I can easily imagine someone’s being very happy with a high-quality (but, in the grand scheme of things) affordable turntable (such as the Rega P3 package) and a Moonriver 404 with an internal phono-stage option, and nothing else, apart from the loudspeakers.
I can also imagine that person’s being especially glad to have the Mono switch. I often used the Mono switch while listening to Qobuz streaming of mono recordings from 1950s singing stars such as Ella Fitzgerald, Helen Merrill, and Julie London.
I also must note that the Moonriver 404 sounded a lot more powerful than its stated 50Wpc. I tried the 404 with four, quite different loudspeakers. First, the Graham Audio Chartwell LS6 revival. Then, a vintage pair of Atelier de Synergie Acoustique (ASA) “Baby” Studio Monitors (about which the Customs Inspector exclaimed, “Hey! These aren’t Baby Monitors!!!”—a true story).
Next, the prototype pair of Esperanto Parolantos, a Mike Zisserson design with a little bit of input from me. Finally, JBL’s L100 Classic revival.
With all those loudspeakers, I hardly ever moved the 404’s volume-control knob past the 9:00 position. I never pushed the volume knob past 12:00. There were times I listened very loudly, going well over 90 dBA on the NIOSH iPhone sound-level-meter app. It was glorious to listen to “Guilty Pleasure” tracks such as Sade’s “Smooth Operator” and Boston’s “More Than a Feeling,” so loudly and clearly. And with such powerful bass!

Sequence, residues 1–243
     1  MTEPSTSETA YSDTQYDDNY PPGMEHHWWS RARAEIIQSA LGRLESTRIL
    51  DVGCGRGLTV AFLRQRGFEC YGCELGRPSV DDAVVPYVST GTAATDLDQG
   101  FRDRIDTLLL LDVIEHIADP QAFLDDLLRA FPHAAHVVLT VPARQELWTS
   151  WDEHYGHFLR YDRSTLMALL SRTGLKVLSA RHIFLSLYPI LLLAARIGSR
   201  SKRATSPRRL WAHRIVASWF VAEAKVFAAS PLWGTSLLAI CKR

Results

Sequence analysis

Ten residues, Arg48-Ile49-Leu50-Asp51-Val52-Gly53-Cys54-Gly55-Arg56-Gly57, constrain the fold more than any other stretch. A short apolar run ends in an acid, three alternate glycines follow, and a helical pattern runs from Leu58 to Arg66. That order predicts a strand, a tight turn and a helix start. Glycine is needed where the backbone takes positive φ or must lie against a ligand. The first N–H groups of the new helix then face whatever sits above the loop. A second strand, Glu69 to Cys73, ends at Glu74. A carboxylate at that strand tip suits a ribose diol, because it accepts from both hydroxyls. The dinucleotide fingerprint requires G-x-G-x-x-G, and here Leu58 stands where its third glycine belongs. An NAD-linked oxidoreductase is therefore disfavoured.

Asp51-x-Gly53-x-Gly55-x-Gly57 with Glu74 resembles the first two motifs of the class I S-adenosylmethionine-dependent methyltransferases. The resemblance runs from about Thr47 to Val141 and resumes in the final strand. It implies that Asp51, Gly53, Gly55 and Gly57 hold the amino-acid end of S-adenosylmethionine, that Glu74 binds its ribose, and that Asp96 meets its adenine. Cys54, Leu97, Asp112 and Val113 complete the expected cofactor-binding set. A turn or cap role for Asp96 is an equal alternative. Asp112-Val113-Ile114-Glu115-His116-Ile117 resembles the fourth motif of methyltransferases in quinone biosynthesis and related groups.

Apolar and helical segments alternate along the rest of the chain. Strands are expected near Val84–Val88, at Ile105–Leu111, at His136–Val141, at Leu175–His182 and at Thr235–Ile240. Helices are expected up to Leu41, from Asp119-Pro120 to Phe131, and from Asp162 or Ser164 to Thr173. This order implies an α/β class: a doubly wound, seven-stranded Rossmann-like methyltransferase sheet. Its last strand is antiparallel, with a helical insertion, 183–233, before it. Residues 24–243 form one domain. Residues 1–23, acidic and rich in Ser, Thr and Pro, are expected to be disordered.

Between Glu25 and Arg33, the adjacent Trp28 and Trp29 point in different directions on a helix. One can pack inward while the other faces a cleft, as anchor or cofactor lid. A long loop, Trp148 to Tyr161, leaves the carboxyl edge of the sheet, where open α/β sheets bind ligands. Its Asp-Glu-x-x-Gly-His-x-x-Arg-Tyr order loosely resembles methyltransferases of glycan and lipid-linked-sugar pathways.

Photo by John Marks
The JBL L100 sure knows how to dominate a room! Visually and sonically. A review of the L100 will follow in due course. But even playing very loudly, the Moonriver 404 never showed any signs of strain while driving a pair of 12-inch woofers.
The setup photo shows how I usually listened, the source being Qobuz digital streaming (as often as possible, in high resolution, up to 384kHz) played from a MacBook Air laptop computer. USB cable and loudspeaker cables were both from WireWorld, and both are truly excellent (review to follow).
While each of the four pairs of loudspeakers (of course) sounded rather dissimilar as one would expect (JBL and Chartwell, for instance); on all the loudspeakers, certain performance characteristics of the Moonriver 404 were consistent. I have already noted that it sounded more powerful than 50 Watts. It was also very dynamic, from the smallest gradations of chamber music, to large-scale orchestral works.